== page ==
Savola, which owns the Middle East's largest sugar refining business, declined the most in two weeks yesterday as earnings took a 58 per cent on higher commodities prices.
Earnings report sends Savola shares sliding
Savola Azizia dropped the most in more than a month after the Saudi food producer blamed a 58 per cent decline in first-quarter profit on higher commodity prices.
Shares in the company fell 2.2 per cent yesterday, the biggest drop since March 14, to 26.70 riyals.
Net profit for the first quarter declined to 165.2 million riyals, compared with 394m riyals in the same period last year, according to a filing posted on the website of the Saudi bourse. A consensus of analysts had forecast the company would report a profit of 181.6m riyals for the quarter. "The drop is mainly due to higher prices of our raw materials as high commodities globally impacted negatively on our margins," the statement said.
Savola, which owns the Middle East's biggest sugar-refining business and produces edible oil, was expected to make a net profit of 225m riyals in the second quarter, up nearly 6 per cent from the same period last year.
Profit also declined in relation to last year because last year's first-quarter revenue was boosted by capital gains from the floatation of the fast-food chain Herfy, Savola said. Savola's board yesterday approved a first-quarter dividend of 0.25 riyals per share.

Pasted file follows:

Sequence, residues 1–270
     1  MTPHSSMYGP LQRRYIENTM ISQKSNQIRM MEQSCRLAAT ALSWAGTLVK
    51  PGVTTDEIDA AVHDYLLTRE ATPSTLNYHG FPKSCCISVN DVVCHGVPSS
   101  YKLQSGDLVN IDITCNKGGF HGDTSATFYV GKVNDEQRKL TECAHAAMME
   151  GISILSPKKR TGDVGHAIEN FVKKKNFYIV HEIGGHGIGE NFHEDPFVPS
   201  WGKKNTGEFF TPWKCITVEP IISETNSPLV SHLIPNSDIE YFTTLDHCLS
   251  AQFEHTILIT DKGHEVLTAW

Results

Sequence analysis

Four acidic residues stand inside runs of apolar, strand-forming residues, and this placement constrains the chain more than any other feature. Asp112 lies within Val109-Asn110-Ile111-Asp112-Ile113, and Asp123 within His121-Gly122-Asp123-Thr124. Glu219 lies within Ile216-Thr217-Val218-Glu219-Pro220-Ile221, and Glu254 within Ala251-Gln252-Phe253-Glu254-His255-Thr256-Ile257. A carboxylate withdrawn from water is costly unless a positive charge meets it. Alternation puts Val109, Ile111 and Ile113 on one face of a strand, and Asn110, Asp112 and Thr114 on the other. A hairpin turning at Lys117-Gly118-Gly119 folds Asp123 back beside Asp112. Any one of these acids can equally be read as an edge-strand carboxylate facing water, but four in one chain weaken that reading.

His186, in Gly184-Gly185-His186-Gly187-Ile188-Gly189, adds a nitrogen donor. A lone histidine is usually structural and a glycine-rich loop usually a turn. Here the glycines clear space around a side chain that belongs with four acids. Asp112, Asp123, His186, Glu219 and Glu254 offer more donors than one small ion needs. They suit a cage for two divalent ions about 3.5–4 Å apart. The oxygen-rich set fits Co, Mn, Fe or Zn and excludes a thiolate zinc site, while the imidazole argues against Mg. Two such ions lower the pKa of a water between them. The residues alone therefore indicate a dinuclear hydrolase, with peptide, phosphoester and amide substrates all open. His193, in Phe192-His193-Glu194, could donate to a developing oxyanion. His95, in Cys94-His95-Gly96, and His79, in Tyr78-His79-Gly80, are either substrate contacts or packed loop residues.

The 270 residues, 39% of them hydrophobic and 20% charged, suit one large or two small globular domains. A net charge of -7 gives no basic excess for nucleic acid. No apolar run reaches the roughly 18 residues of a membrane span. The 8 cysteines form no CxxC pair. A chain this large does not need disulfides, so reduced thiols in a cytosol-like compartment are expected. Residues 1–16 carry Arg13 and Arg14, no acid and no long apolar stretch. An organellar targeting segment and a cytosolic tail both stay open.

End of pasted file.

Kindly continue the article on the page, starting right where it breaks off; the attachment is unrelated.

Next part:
The managing director of Savola Group last month said his company's plants in Egypt, Algeria, Pakistan, Turkey and Iran were not affected by unrest in the region but that workers in the Suez had some "demands" that were settled without disruptions.
However, analysts remain cautious on the company's outlook.
"We have been neutral on Savola since the end of 2009 due to our concerns on the exposure to global commodities and non-core businesses at Savola," said Farouk Miah, an analyst at NCB Capital in Riyadh. "Although the stock has fallen 12 per cent in the past three months, expectations of another loss-making year for the Egyptian sugar business and slow progress in retail margins provide a muted short-term outlook for the stock."